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a Bank or invests it in the Stock of a Bank, it yields a profit during the interval in which he partakes, or not, according to the choice he may have made of being a depositor or a proprietor; and when any advantageous speculation offers, in order to be able to embrace it he has only to withdraw his money, if a depositor, or if a proprietor to obtain a loan from the Bank, or to dispose of his Stock; an alternative seldom or never attended with difficulty, when the affairs of the institution are in a prosperous train. His money thus deposited or invested is a fund, upon which himself and others can borrow to a much larger amount. It is a well established fact, that Banks in good credit can circulate a far greater sum than the actual quantum of their capital in Gold & Silver. The extent of the possible excess seems indeterminate, though it has been conjecturally stated at the proportions of two and three to one. This faculty is produced in various ways. First: A great proportion of the notes which are issued and pass current as Cash are indefinitely suspended in circulation, from the confidence which each holder has that he can at any moment turn them into gold and silver. Secondly, Every loan which a Bank makes is in its first shape a credit given to the borrower on its books, the amount of which it stands ready to pay, either in its own notes or in gold or silver, at his option. But in a great number of cases no actual payment is made in either. The Borrower frequently by a check or order transfers his credit to some other person, to whom he has a payment to make; who in his turn is as often content with a similar credit because he is satisfied, that he can, whenever he pleases, either convert it into cash or pass it to some other hand, as an equivalent for it. And in this manner the credit keeps circulating, performing in every stage the office of money, till it is extinguished by a discount with some person who has a payment to make to the Bank to an equal or greater amount. Thus large sums are lent and paid, frequently through a variety of hands, without the intervention of a single piece of coin. Thirdly, There is always a large quantity of gold and silver in the repositories of the Bank, besides its own Stock, which is placed there with a view partly to its safe keeping and partly to the accommodation of an institution which is itself a source of general accommodation. These deposits are of immense consequence in the operations of a Bank. Though liable to be redrawn at any moment, experience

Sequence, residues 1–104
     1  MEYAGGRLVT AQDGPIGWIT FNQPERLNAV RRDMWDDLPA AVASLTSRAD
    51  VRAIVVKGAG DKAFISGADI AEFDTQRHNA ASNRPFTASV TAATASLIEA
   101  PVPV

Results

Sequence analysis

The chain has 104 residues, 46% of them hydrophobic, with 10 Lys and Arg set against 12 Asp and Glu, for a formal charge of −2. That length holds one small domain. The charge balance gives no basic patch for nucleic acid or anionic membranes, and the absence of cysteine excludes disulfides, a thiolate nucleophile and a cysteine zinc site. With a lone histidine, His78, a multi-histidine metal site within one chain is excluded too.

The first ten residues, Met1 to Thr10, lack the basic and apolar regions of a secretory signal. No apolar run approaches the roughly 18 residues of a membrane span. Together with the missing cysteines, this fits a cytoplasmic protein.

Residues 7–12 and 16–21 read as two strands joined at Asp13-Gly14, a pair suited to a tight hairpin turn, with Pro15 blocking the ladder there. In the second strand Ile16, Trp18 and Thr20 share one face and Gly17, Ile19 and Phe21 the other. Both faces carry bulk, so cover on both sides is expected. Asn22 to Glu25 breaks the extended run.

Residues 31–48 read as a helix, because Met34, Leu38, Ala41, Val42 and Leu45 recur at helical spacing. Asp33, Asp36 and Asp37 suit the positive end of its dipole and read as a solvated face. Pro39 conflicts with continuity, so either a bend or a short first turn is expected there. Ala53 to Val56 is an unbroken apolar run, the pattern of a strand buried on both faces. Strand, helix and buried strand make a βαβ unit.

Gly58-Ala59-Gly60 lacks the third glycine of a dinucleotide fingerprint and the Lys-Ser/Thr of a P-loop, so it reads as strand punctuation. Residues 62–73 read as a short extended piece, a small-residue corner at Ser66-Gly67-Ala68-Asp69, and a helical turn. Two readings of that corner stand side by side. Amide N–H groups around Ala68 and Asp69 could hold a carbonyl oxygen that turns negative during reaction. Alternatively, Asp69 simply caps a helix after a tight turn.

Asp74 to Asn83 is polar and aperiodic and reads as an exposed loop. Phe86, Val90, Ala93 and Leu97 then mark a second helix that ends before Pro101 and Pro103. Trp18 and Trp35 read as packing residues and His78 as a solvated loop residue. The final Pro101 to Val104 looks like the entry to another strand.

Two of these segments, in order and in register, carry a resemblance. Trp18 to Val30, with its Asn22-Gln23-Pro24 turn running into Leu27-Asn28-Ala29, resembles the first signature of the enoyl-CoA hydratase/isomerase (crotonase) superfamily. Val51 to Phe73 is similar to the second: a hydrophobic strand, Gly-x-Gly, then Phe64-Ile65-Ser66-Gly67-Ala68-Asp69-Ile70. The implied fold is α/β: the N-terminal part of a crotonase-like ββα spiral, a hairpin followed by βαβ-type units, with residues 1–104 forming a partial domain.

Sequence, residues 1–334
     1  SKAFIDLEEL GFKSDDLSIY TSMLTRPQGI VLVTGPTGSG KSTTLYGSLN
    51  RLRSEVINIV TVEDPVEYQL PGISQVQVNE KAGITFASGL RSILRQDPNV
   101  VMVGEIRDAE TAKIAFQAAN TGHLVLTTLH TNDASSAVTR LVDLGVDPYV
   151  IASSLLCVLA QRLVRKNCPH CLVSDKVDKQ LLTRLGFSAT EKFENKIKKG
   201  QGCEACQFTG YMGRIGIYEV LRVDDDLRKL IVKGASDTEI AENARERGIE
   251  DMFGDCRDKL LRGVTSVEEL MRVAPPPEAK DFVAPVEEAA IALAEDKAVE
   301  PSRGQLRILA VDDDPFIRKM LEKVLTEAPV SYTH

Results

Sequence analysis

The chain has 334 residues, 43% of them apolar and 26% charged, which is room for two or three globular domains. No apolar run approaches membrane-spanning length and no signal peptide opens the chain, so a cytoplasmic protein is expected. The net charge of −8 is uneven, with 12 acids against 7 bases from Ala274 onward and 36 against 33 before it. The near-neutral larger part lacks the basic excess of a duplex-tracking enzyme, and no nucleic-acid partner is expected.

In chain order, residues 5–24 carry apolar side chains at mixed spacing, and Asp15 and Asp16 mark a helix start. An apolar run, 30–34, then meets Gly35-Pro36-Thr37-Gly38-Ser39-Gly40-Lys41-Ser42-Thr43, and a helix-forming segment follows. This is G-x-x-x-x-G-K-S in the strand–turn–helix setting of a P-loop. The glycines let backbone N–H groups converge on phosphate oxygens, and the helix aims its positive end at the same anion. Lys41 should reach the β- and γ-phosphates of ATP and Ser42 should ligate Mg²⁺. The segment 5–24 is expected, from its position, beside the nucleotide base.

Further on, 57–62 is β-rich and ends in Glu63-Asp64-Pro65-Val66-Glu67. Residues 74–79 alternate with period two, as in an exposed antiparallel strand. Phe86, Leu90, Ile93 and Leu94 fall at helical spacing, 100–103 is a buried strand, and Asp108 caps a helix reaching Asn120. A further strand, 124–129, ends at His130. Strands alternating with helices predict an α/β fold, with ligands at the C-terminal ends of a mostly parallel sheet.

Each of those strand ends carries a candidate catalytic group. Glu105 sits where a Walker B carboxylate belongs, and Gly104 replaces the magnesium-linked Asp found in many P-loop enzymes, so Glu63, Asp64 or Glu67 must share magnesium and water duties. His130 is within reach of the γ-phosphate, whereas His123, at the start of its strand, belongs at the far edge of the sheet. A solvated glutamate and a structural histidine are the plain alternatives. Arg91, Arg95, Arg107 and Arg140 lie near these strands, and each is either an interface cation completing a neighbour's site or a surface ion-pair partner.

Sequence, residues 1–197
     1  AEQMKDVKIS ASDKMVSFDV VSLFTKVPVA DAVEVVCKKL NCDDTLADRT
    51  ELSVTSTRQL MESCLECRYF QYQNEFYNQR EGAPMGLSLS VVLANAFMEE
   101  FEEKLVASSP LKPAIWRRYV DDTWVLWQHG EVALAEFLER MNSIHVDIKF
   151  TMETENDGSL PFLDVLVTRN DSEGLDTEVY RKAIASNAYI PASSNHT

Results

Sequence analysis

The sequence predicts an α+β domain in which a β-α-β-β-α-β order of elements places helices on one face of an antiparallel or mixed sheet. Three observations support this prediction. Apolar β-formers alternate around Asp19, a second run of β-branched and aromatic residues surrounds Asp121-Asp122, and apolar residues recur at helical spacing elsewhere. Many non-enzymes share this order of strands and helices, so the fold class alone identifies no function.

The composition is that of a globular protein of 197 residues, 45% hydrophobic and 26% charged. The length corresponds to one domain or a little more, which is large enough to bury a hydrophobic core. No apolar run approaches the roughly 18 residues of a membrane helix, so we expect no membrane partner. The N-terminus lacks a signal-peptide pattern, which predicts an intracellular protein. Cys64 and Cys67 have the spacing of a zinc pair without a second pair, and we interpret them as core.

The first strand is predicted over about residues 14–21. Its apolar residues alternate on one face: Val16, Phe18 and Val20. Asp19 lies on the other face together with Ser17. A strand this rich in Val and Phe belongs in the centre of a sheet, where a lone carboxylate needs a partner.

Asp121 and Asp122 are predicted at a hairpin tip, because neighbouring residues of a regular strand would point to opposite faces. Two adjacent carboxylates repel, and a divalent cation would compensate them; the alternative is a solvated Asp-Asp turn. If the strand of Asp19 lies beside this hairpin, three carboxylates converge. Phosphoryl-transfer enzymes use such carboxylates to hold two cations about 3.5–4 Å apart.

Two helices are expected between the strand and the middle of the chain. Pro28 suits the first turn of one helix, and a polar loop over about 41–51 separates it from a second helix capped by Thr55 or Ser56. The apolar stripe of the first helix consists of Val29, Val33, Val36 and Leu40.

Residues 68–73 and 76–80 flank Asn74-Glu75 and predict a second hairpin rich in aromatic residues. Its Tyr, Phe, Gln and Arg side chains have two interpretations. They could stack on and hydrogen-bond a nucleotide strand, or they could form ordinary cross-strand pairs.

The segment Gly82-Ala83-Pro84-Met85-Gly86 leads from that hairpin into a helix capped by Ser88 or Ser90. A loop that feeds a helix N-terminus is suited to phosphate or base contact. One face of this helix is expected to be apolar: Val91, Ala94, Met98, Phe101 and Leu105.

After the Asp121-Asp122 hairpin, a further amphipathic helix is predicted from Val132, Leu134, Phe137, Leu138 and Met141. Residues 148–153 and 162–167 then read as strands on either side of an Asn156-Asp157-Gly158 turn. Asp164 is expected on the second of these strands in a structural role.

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proves that the money so much oftener changes proprietors than place, and that what is drawn out is generally so speedily replaced as to authorize the counting upon the sums deposited as an effective fund; which, concurring with the Stock of the Bank, enables it to extend its loans and to answer all the demands for coin, whether in consequence of those loans or arising from the occasional return of its notes. These different circumstances explain the manner in which the ability of a bank to circulate a greater sum than its actual capital in coin is acquired. This however must be gradual; and must be preceded by a firm establishment of confidence; a confidence which may be bestowed on the most rational grounds, since the excess in question will always be bottomed on good security of one kind or another. This every well conducted Bank carefully requires before it will consent to advance either its money or its credit; and where there is an auxiliary capital (as will be the case in the plan hereafter submitted) which, together with the capital in coin, define the boundary that shall not be exceeded by the engagements of the Bank, the security may consistently with all the maxims of a reasonable circumspection be regarded as complete. The same circumstances illustrate the truth of the position that it is one of the properties of Banks to increase the active capital of a country. This in other words is the sum of them. The money of one individual, while he is waiting for an opportunity to employ it, by being either deposited in the Bank for safe keeping or invested in its Stock, is in a condition to administer to the wants of others without being put out of his own reach when occasion presents. This yields an extra profit arising from what is paid for the use of his money by others when he could not himself make use of it; and keeps the money itself in a state of incessant activity. In the almost infinite vicissitudes and competitions of mercantile enterprise, there never can be danger of an intermission of demand or that the money will remain for a moment idle in the vaults of the Bank. This additional employment given to money and the faculty of a bank to lend and circulate a greater sum than the amount of its stock in coin are to all the purposes of trade and industry an absolute increase of capital. Purchases and undertakings in general can be carried on by any given sum of bank paper